virginia slims

WHERE IS BRITISH WOMEN’S TENNIS?: 25 YEARS SINCE ANNABEL CROFT’S BRITISH WIN

Today, April 28, 2010, marks the 25th anniversary of the last fully British female to win a WTA Tour singles title (Monique Javer won a WTA Tour singles title in 1988 but was only half British). On 28th April 1985, 18-year-old Annabel Croft of Great Britain, ranked No. 83 at the time defeated world No. 7 Wendy Turnbull 6-0, 7-6(5) to win the Virginia Slims of San Diego and her first WTA Tour Title, causing much excitement amongst the British press. The young British hopeful never rose to expectations caused by this victory and failed to win another title before quitting her professional career in 1988.

I doubt this statistic will bring a smile to the already frowning LTA reeling from the recent government report on their expenditure. But who within the British camp is remotely ready to step up and claim the next WTA tour singles title?

British No. 1, Elena Baltacha has certainly had a wonderful start to the year rising to a ranking high of No. 59, memorably beating world No. 10 Li Na in the second round of the BNP Paribas Open in Indian Wells only to lose in the next round to Alicia Molik. She is currently training in preparation for the WTA event in Rome and it remains to be seen if she can produce back to back performances throughout the course of a tournament to win her first WTA title.

Britain’s Anne Keothovong and Katie O’Brien both won their first round matches of the Grand Prix De Sar La Princesse Lalla Meryem in Morocco. Keothovong recovered from an embarrassing second set performance to defeat France’s Julie Coin to win 6-3, 0-6, 6-4, but her form this year after being forced out of the game for six months due to a knee injury has hardly given enough evidence to suggest enough consistency to flip the coin of British tennis fortunes in the near future. Fellow Brit, O’Brien defeated France’s Pauline Parmentier 6-2, 4-6, 6-3 and commented “I was really pleased to come through my first match of the year on clay, especially as I haven’t had ideal preparation. I only started hitting on the clay a few days ago, as I was stranded in South Africa for six days where there weren’t any clay courts. I had to take five flights over two days to get to Fes, but I’ve recovered well, all considered. I’m now looking forward to tomorrow’s match against Renata Voracova. I lost to her last year in three sets on the clay, so I’m aiming to get my revenge.” She received more good news when it was confirmed that she had been given the key to a main draw entry in the French Open following the withdrawal of Sania Mirza. Out of the three, O’Brien is the less likely to emulate Croft’s singles victory considering her lack of victories over top ranked players.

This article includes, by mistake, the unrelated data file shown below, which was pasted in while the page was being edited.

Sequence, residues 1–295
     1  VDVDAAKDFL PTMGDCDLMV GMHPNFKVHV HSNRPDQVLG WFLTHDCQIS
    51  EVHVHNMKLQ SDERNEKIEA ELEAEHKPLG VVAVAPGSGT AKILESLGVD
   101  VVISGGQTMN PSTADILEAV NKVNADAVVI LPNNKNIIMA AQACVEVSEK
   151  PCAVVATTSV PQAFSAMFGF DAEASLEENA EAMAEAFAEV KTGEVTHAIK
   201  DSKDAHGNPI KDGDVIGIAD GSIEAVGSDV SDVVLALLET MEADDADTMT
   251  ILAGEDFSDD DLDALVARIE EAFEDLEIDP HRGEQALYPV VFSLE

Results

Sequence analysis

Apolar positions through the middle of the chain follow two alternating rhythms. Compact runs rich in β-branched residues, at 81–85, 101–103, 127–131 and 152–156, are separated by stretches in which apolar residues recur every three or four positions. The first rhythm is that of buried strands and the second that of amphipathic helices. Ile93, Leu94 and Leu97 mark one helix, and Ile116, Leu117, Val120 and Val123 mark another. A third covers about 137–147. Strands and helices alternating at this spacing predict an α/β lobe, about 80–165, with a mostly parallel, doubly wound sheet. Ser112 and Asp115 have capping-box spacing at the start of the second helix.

Meanwhile, 16-year-old Laura Robson recently reached the semifinals of the $50k event in Alabama after winning five consecutive matches in the USA, battling to a 4-6, 6-3, 6-1 victory over the world No. 144 Sophie Ferguson of Australia in the quarterfinals; an excellent indication of the consistency of Robson throughout a tournament considering she also came through two matched in the qualifying rounds. She also went on a fine run to the quarterfinals in the doubles with fellow Brit Heather Watson. Could Robson be the one to break the 25 year wait?

Robson’s achievements in Alabama have seen her rise an impressive 46 places to a career high of No. 269 in this week’s WTA singles rankings. She also sits at No. 103 in doubles, another career high due to her great run of form that saw her reach the semi finals in doubles at the $25k event in Osprey, Florida the week before. I have a feeling we may need to wait a little while longer for our young star to win a WTA singles title, however perhaps she will be the one to bring home a Grand Slam too; we can only dream.